Identifying Phl citrus varieties using molecular markers

Citrus is the most important fruit in the world in terms of production, processing and trade. In the Philippines, calamansi is the most popular type of citrus due to its abundance and popularity of use as an ingredient in our local cuisine. Aside from the popular calamansi, there are many other types of citrus grown in the country like sweet orange, orange, ponkan, pummelo, and mandarin.

Experts mentioned how the origin and identification of citrus is a complicated, confusing, and controversial matter due to the intra- and interspecific hybridization, high frequency of mutations, long history of cultivation, and dispersal. In fact, even the most widely-accepted classifications of citrus have differences in their concepts of classifying it.

According to Karen Tonogbanua of the Institute of Crop Science, College of Agriculture and Food Science, University of the Philippines Los Baños (UPLB), “a well-established identity is the key in protecting and preserving any plant genetic resource. Researchers and breeders can properly utilize plant genetic resources in their researches if the materials are well characterized and identified to exploit their potentials as breeding materials.” She also mentioned that, “in other countries, researchers geared their studies toward profiling their materials.” Therefore, she together with Dr. Rene Rafael C. Espino, UPLB professor, took it upon them to develop an identification key for citrus varieties and species in the Philippines using molecular markers.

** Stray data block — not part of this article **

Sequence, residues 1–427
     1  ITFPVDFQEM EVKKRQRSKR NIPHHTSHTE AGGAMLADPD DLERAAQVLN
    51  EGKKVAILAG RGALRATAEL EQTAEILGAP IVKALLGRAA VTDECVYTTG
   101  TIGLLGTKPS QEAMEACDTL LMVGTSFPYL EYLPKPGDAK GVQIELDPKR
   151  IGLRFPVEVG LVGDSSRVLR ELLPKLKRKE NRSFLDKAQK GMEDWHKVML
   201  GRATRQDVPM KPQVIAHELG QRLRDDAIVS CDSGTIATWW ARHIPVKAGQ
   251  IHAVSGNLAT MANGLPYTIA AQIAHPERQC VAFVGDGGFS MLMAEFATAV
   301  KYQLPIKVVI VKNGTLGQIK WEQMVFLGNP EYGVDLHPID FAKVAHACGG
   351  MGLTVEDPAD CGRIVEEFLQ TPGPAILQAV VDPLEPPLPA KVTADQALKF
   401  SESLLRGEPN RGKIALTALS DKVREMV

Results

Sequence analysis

The research project titled, “Identification of Variety-Specific Alleles and Loci in Philippine Citrus Collection Using Simple Sequence Repeat (SSR) Markers,” was recently published at the Philippine Agricultural Scientist Journal in September 2017. Dr. Espino acknowledged the Bureau of Agricultural Research for funding their research, saying that “it serves as a contribution of the Bureau to furthering science in the country.”

DNA profile of citrus collection in the Philippines

For the research project, they utilized 44 citrus varieties belonging to nine citrus species obtained from Baguio National Crop Research and Development Center, Bureau of Plant Industry, Baguio City. These include 13 mandarins (Citrus reticulata and C. unshiu Marc.), 11 pummelos (C. grandis), 10 sweet oranges (C. sinesis), three lemons (C. limon and C. volkameriana), three limes (C. aurantifolia), three trifoliates (P. trifoliata) and calamansi (x Microfortunella microcarpa).

Over the past 20 years, SSRs are used for genotyping plants because they are highly informative, codominant, multi-allele genetic markers that are experimentally reproducible and transferable among related species, according to Mason (as cited in Vieira et. al., 2016). For the research project, 44 SSR markers were used to construct the DNA profiles of the 44 citrus varieties from nine species. These SSR markers that were screened from previous works provided sufficient information to identify unique alleles and/or loci that were used to establish an identification key for citrus.

“A haplotype map was constructed where alleles are presented accordingly with the loci that were observed. A total of 268 alleles were observed for 44 polymorphic primers used in this study, “according to Tonogbanua. More so, the identification of markers for each agronomic type (mandarins, pummelos, sweet oranges, lemons, limes, trifoliates, and calamansi) was done manually by using the banding patterns on the haplotype map. Tonogbanua also mentioned that, “the use of markers in determining varieties for the study is arbitrary; no strict order of the markers was followed.” ### (Rena S. Hermoso)

2018-02-23 lab

Photo Caption

Karen A. Tonogbanua, research assistant, preparing the polymerase chain reaction (PCR) cocktail. PCR is the technique used to create multiple copies of a particular section of DNA.

Photo Courtesy of Karen A. Tonogbanua